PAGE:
Coming off the December meltdown, the S&P 500 had gained more than 18% in just 44 trading days ending 2/28. With a strong upward move like that one could expect some “backing and filling” as those gains are digested, and that is much of what we saw in March. One of the biggest moves during the month was interest rates, as the yield on the 10-year Treasury dropped 10% to the lowest level in over a year. Some will point to recession fears for the decline, but it is important to note interest rates in many countries are far below our rates, which makes our Treasury securities attractive to global investors. Because of the large decline in March the market has become more focused on interest rates, rallying when rates rally and falling when rates decline. The market seems comfortable around the S&P 500 2800 level, as there were sellers on rallies above that level and buyers on declines below that area. At the end of the month the S&P 500 was up 1.8% and has gained 13.1% for the quarter, its best quarterly performance in 10 years and its best start to a year since 1998.
The month began with the market moving lower as the new month seemed to signal an opportunity to take profits after the strong rally. March 1st closed out the first down week for the Dow Industrials in 9 weeks and the market moved lower each of the next 5 days. In addition to profit taking, the Eurozone cuts its 2019 growth estimate, after China had done the same thing the week before, and we ended the week with a government jobs report that showed a very disappointing 20,000 new jobs were created in February. The jobs report was so poor that many dismissed it as somehow being related to the government shutdown or was simply a flawed report. At the end of the first 6 days of trading the S&P 500 had lost 1.5%. The second full week of the month began with a 12% plunge in Dow component Boeing, which began a tough period for the airplane manufacturer. Despite that news, after 6 days of declines, the S&P 500 moved to a new high for the year mid-week and ended the week with a 2.9% gain, the best weekly gain for the S&P 500 in 4 years. Last week a disappointing quarterly report from FedEx added to the global economic slowdown fears and several weak economic numbers out of Europe sent the market sharply lower on Friday. The S&P 500 ended the week with a loss of .7%. The final week of the month the market appeared to be fixated on interest rates, rallying when rates firmed and moving lower when rates moved lower. The bond market is much larger than the stock market and is seen by some as a leading indicator, so the stock market would currently like to see less buying in the defensive bond market, which would translate to higher interest rates. The week ended with the S&P 500 gaining another 2.1%.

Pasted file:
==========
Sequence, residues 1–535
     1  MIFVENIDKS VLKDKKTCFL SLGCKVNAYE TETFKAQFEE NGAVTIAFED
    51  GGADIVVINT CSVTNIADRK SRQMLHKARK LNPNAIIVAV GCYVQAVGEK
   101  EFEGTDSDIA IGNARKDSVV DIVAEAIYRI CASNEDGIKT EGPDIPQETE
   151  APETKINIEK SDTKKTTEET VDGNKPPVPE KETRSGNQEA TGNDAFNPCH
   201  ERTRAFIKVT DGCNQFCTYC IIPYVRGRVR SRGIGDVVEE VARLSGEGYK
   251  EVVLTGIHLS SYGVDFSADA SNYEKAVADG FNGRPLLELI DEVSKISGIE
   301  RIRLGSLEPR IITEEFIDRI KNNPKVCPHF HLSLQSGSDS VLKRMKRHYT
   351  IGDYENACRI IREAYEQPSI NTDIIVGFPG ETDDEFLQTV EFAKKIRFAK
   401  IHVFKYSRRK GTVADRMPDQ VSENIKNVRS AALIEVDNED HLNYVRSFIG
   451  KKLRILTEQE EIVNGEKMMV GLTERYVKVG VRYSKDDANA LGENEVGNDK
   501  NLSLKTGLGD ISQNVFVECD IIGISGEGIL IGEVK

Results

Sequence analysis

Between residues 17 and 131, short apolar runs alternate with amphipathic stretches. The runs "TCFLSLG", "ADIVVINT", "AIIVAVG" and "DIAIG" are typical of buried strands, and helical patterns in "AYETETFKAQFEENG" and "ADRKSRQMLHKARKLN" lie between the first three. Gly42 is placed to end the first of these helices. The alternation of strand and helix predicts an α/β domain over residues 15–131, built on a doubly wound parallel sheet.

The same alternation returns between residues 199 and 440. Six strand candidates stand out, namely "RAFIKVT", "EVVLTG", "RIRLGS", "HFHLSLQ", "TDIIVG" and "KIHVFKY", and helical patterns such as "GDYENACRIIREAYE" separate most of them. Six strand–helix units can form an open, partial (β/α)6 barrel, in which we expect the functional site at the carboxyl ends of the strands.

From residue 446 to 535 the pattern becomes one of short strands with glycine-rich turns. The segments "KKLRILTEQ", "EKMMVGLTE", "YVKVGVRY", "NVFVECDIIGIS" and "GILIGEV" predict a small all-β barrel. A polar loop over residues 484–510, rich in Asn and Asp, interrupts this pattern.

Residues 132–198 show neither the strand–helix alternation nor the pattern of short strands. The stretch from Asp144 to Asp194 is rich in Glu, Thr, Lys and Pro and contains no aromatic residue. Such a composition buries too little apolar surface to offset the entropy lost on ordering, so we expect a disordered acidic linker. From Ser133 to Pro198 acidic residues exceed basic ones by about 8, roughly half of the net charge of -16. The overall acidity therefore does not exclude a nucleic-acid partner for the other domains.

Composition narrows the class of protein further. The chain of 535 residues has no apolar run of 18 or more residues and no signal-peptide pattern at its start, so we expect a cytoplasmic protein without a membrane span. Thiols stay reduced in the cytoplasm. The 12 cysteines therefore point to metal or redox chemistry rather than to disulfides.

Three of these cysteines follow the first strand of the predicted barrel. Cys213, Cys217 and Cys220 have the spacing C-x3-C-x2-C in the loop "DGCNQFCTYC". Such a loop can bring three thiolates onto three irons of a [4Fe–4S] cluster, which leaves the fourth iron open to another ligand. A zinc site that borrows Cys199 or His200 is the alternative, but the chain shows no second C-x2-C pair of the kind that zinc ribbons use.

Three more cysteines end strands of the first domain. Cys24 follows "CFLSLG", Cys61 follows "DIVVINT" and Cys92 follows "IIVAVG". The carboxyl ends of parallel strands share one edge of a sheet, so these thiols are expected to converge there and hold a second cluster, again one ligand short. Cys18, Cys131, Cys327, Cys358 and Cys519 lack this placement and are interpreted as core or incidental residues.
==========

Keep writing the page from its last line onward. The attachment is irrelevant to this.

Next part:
April is historically one of the best months of the year for the stock market, as money flows into retirement accounts ahead of the filing deadline. The month has an average rate of return over 1% and has closed higher 64% of the time. The market is currently fixated on interest rates and we would expect movement in rates to continue to influence stock prices. After the dramatic decline in rates during March we would expect some stabilization in April which should help. If we are wrong and rates continue to decline at the speed we saw in March, that would be problematic for stocks. China trade will continue to be an important area of focus and good or bad news on those talks should move the market. There is clearly a slowing of global growth which should be negatively impacting stock prices, but many money managers believe a trade agreement with China will reignite the world’s two largest economies and reverse the decline we are seeing in global growth. After the best quarterly performance in 10 years we would not be surprised to see a pullback, but we continue to believe buying tradeable dips is a sensible strategy.
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